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What restrictions are there on foreigners buying property in France?

Genevieve Mansfield
Genevieve Mansfield - [email protected]
What restrictions are there on foreigners buying property in France?
An apartment building in Paris with a for-sale sign outside of it (Photo by STEPHANE DE SAKUTIN / AFP)

Purchasing property in France as a foreigner has several extra hurdles - here's a look at some of the restrictions and other challenges you will want to be aware of beforehand.


There are several things to consider before buying property in France. You may want to visit the area during different seasons to be sure that you enjoy it rain or shine, and you will want to consider how much you would end up paying in property taxes, as well as whether or not it will be a main residence or second home.

The law

Let's start with the good news - there are no official rules in France against non French-citizens purchasing property, neither is there any requirement to be resident in the country in order to buy property - indeed foreign second-home owners make up a small but significant slice of the property market.

Revealed: Where in France do foreigners buy second homes

But in practice there are a number of challenges foreigners face when buying French property, especially if they need a mortgage.

Property sale process

Before making your decision, learn the steps to buying property in France and the expected timeline.

Roughly, there are five steps: making your offer, a cool-off period, signing a 'Compromis de Vente', providing the notary (notaire) with your deposit, and signing the 'Acte Authentique de Vente' (deed).

READ MORE: How long does it normally take in France to buy a property?

The French property purchase system is likely to be different to what you are used to - especially the role of the notaire.

Also Americans might be surprised to learn that in contrast to the US system of having a realtor who guides you through the entire process, in France - as in most of Europe - buyers are expected to do much work of the house-hunting work themselves.


There are a few extra steps added if you need a mortgage, but generally all foreign buyers should be prepared to have a valid ID (passport), as well as other documents including your marriage and/or divorce papers (to demonstrate your civil status).

At some point in the process, you will need to open a French bank account, even if that ends up just being for utilities after you've made the purchase. The earlier you can open a French bank account, the better.

You should know that purchasing property in France does not automatically give you residency rights. If you are not an EU citizen, then you will need a residency card or visa to spend extended time in France.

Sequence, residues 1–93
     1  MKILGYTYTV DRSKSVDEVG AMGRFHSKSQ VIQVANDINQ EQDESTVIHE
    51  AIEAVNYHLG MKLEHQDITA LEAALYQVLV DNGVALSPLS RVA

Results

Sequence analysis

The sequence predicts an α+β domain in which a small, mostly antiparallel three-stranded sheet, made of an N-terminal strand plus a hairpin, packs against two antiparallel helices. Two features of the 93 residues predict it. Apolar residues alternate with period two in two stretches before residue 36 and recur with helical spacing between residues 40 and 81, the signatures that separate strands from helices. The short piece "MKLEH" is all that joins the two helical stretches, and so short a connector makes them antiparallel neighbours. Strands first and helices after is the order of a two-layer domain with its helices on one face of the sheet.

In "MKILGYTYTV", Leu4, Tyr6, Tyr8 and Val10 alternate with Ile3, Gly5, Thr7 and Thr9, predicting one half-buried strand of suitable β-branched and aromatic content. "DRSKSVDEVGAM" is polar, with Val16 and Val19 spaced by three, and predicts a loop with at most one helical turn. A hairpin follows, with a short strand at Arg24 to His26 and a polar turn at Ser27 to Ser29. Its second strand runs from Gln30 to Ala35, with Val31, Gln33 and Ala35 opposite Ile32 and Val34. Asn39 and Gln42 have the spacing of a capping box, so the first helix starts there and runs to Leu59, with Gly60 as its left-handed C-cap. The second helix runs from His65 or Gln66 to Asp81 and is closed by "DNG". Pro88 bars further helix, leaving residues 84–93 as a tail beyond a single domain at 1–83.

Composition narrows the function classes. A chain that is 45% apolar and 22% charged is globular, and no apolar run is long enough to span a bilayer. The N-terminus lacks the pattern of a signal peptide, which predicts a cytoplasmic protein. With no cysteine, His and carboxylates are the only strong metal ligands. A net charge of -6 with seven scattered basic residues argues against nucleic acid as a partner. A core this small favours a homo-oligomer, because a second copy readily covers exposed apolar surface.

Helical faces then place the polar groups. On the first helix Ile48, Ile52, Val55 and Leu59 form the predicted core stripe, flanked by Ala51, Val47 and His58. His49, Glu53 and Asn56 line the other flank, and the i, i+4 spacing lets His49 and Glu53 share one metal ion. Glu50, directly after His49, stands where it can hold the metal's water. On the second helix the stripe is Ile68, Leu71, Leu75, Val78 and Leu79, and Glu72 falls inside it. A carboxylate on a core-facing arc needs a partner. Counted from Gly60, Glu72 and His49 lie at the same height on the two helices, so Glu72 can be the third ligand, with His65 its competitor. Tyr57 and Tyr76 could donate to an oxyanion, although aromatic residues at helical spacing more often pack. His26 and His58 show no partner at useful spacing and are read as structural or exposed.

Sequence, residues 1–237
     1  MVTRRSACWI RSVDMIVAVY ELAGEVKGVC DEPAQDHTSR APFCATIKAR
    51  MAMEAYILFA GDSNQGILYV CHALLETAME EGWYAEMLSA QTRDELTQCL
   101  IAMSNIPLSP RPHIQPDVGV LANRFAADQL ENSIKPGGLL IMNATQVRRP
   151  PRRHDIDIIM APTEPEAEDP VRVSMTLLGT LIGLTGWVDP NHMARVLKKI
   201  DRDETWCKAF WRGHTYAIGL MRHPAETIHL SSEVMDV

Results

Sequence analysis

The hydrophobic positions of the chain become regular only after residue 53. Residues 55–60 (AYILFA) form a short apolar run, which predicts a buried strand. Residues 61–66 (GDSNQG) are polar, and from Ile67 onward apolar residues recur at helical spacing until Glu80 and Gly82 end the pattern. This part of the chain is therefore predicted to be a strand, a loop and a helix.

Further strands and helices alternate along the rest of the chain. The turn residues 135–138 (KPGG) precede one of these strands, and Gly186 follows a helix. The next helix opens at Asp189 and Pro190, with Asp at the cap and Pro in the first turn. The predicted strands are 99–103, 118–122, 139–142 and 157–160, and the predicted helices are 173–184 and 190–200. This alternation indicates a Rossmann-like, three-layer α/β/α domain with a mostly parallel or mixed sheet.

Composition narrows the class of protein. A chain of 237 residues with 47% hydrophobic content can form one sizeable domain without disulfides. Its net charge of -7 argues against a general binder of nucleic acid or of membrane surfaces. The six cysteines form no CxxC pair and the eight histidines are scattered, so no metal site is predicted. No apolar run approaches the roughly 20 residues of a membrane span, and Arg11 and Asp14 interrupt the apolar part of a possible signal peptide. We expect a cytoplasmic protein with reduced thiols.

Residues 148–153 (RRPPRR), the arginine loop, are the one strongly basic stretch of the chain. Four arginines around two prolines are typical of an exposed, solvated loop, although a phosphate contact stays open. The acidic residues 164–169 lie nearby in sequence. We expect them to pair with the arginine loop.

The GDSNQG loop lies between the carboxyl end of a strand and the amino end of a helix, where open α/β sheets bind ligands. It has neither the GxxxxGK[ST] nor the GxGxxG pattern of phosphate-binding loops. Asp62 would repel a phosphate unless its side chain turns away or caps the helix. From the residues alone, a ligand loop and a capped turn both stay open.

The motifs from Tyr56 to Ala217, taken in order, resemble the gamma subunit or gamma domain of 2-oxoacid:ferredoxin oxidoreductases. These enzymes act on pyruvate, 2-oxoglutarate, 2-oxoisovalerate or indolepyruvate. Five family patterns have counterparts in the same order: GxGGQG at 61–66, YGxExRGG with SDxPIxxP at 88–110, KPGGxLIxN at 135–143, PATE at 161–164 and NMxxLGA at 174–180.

READ MORE: EXPLAINED: What type of French visa do you need?


Getting a mortgage

While there are no laws stopping foreigners from buying property in France for most people the biggest obstacle is getting a mortgage, as there are conditions that many foreigners cannot fulfil.

In France, the vast majority of loans are guaranteed by banks, and one bank's offer to you may not be the same as another's. You are free to contact several banks to find the best offer for your situation.

READ MORE: French property: How to get a mortgage in France

While there are alternative options besides banks, such as a 'vendor loan' (prêt vendeur) - where one sets up a credit contract directly with the seller of the property via a notary - this is much less common.

The biggest issue is that banks will require that foreigners prove that they will be able to legally remain in France for the entirety of the repayment period. As such, it can be very challenging those on short-term residency cards, to be accepted for a mortgage loan.

For the same reason, it is very difficult for non-residents to get a mortgage via a French bank.


Foreigners can also consider international options, or independent, specialised mortgage brokers, like those geared toward expats - however some have minimum income levels and minimum property purchase prices.

Another point to keep in mind is the fact that French banks also look favourably on 'stable' employment statuses, such as CDI (indefinite) work contracts, which, by their calculation, reduce risk of unemployment. It's not impossible to get a mortgage if you are self-employed, but it's harder.


Additionally, age can be a factor - lenders tend to be less likely to award mortgages to those nearing or above retirement age.

Americans - The situation is even more challenging for Americans in France, as banks can be reticent about working with Americans due to FATCA - which, according to the US dept of treasury, requires that "foreign financial institutions (FFIs) report to the IRS information about financial accounts held by US taxpayers, or by foreign entities in which U.S. taxpayers hold a substantial ownership interest."

This has forces French banks to collect and maintain more information about their American customers. If the banks fail to disclose information to the IRS, they risk exclusion from the US market as well as penalties.

In a survey about the effects of citizenship-based taxation on Americans in France, one respondent said: "Multiple banks have denied me a mortgage because I am American.

"We used the services of a mortgage broker and when we went in for the final presentation a few weeks ago, only one out of the many banks queried offered us a mortgage, and it wasn’t even a good offer."

READ MORE: Divorce, stress and fines: How citizenship-based taxation affects Americans in France



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